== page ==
Cover of That's Not What I Heard

Laugh Out Loud Funny!

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That’s Not What I Heard, by Stephanie Kate Strohm

When two high school seniors break up accidentally, the entire school is thrown into mayhem. A single rumor that’s… err, well… almost true takes on a life of its own until half the school won’t even speak to the other half, the teachers are all taking sides, and two of the most responsible students in the district are kicking up more trouble in a single week (without even trying) than most people manage in a lifetime.

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Another fun sci-fi slump buster from the mind of Simon Haynes!

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Peace Force, by Simon Haynes

Harriet Walsh was destined to serve on the Peace Force. She’s been receiving invitations to join up since she was only 15 years old… she just doesn’t know it—mostly because they’ve been printed on the backs of takeout menus and advertising pamphlets by an obsolete robot. When her beloved aunt passes away, leaving behind a broken heart and a pile of debt, Harriet finally gets her mail. Serving on the Peace Force isn’t exactly her passion, but jobs are scarce and she needs the cash. Besides, Dismolle is a retirement planet. How bad could it be?

Well, she’s about to find out. Training isn’t easy when nobody outranks the antique-bucket-of-bolts robot that was left running the show, especially when it has to recharge more often than a five-year-old iPhone. Add a training weapon she’s not allowed to train with, a police budget funded by a lottery scam, and an AI cop car that likes long walks on the beach, and Harriet is in for one miserable Peace Force experience.

In other words, classic Simon Haynes.


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The comedy cult classic that George RR Martin and JRR Tolkein did not write. At all.

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The Chronicle of Heloise & Grimple, by Sean Gibson

The Chronicle of Heloise & Grimple is a very particular kind of novel.

Specifically, it’s the kind of novel that looks perfectly innocent and adorable sitting there on the shelf, staring up at you with those huge, adoring eyes, until you actually bring it home—at which time it begins eating objects you would have thought entirely incapable of being eaten (not just inedible, mind you, but literally incapable of being eaten), fetching things like boots or garden hoses that you’re reasonably certain have never belonged to you, and engaging in other, similar antics that you really shouldn’t laugh at but you just can’t help yourself because where the hell did it find an unopened gallon of peanut butter and how did it even manage to pick the thing up, let alone carry it back home?

Oh, wait. No, that’s our dog. We got confused for a minute because they’re both so funny, but we’ve got it straightened back out now. (While there are certain aspects of the two, meaning the book and the dog, that might cause you, at least at first blush, to mistake the one for the other, there is a simple yet definitive way to distinguish them, which is that we would never give our dog a 5-star review.)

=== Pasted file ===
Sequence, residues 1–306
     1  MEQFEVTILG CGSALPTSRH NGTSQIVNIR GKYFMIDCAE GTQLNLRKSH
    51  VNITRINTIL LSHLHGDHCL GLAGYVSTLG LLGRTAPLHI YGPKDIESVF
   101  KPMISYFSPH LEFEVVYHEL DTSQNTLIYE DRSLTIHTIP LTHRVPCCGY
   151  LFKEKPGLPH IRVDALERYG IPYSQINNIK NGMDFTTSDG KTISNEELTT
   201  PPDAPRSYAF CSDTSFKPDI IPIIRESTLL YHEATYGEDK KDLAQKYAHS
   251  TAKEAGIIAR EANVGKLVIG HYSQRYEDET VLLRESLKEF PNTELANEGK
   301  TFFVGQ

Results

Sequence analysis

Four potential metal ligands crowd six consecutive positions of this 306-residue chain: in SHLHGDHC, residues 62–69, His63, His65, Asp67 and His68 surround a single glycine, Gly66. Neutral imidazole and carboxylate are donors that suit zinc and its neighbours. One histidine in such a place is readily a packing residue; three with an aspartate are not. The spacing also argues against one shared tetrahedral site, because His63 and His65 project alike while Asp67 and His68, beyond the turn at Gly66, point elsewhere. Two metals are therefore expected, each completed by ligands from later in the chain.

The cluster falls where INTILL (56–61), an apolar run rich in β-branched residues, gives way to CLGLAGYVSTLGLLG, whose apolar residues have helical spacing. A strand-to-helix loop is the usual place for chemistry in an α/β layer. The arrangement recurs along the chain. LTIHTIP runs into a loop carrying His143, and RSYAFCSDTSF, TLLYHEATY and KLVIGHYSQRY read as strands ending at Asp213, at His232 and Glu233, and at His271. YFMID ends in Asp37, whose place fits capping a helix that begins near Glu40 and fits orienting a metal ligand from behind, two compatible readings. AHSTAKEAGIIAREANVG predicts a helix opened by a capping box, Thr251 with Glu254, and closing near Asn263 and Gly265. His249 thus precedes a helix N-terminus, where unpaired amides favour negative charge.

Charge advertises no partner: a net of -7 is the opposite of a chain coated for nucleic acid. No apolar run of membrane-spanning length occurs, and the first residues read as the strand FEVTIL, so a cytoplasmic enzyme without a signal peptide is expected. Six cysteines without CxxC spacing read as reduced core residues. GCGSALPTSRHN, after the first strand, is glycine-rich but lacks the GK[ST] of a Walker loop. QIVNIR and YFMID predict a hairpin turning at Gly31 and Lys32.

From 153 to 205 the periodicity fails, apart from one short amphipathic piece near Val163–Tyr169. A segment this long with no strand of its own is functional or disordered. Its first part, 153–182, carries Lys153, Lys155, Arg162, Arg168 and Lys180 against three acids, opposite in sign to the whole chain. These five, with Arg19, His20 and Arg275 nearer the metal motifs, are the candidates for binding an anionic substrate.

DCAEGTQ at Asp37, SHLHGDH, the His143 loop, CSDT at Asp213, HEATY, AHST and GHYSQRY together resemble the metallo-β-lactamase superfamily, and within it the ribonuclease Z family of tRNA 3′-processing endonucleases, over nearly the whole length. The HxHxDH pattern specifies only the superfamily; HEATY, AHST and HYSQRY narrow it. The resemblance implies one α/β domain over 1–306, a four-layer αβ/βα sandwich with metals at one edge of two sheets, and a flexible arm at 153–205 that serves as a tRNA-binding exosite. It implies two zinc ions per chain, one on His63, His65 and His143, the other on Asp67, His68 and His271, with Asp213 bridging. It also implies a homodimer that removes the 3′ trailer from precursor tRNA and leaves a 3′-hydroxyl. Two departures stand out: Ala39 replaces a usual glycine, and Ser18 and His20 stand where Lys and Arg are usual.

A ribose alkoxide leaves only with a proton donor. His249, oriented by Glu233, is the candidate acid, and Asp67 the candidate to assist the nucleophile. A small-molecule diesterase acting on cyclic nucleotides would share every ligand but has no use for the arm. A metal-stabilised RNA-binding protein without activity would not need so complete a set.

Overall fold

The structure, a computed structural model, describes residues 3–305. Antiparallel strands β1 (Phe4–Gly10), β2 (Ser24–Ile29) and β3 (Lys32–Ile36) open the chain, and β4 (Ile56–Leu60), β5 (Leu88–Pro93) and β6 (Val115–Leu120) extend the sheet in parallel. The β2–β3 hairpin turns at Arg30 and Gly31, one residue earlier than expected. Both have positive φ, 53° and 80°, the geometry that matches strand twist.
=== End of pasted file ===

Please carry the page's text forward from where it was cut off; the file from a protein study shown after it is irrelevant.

Don’t judge. You don’t live with him.

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The definitive fantasy romcom! (And a tip to make you laugh today.)

The Princess Bride: S. Morgenstern’s Classic Tale of True Love and High Adventure, by William Goldman

This post is our gift to you. If you’ve never read this edition of this book, follow your favorite link to the free sample, and read the introduction. Not only will it be one of the funniest introductions you’ve ever read, but by the time you’re done, you won’t be sure anymore whether Florin is a real place or S. Morgenstern was a real person.

It isn’t, and he wasn’t. The publisher blurb says so. And we Googled it, too, because we still weren’t sure. So now we’re sure that it isn’t, and that he wasn’t. Mostly.

You’ll see.

In any event, no collection of fantasy romcom titles would be complete without it. (Our thanks to @ivythesorceress for the reminder, with more reader favorites coming soon!)


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Naked werewolves and NMT covers. What’s the deal with fantasy romcom cover art? (P.S. We love this one!)

How to Flirt with a Naked Werewolf, by Molly Harper

Has anyone else noticed that a lot of fantasy romcoms have covers that don’t imply any humor? They just look like regular romance novels. (A.k.a. naked male torso covers. NMT covers? Sure, let’s go with that.) In fact, they often don’t suggest any fantasy element either. But it’s the fantasy and the humor combined with the romance that makes them so special! What gives?

Here’s one that manages to get both the humor and the romance across visually, so I’m adding it to our new fantasy romcom tag. (It’s already shaping up to be a pretty sweet blog section!) But, hey, maybe I’m in the minority here. Which do you like better? This kind of illustrated, humorous cover for a fantasy romcom? Or a classic NMT cover? Which one would you be more likely to pick up? Which one does a better job of delivering on the “promise” that the cover makes about the read?

Do you read fantasy romcoms for the fantasy, for the humor, for the romance, or all three?


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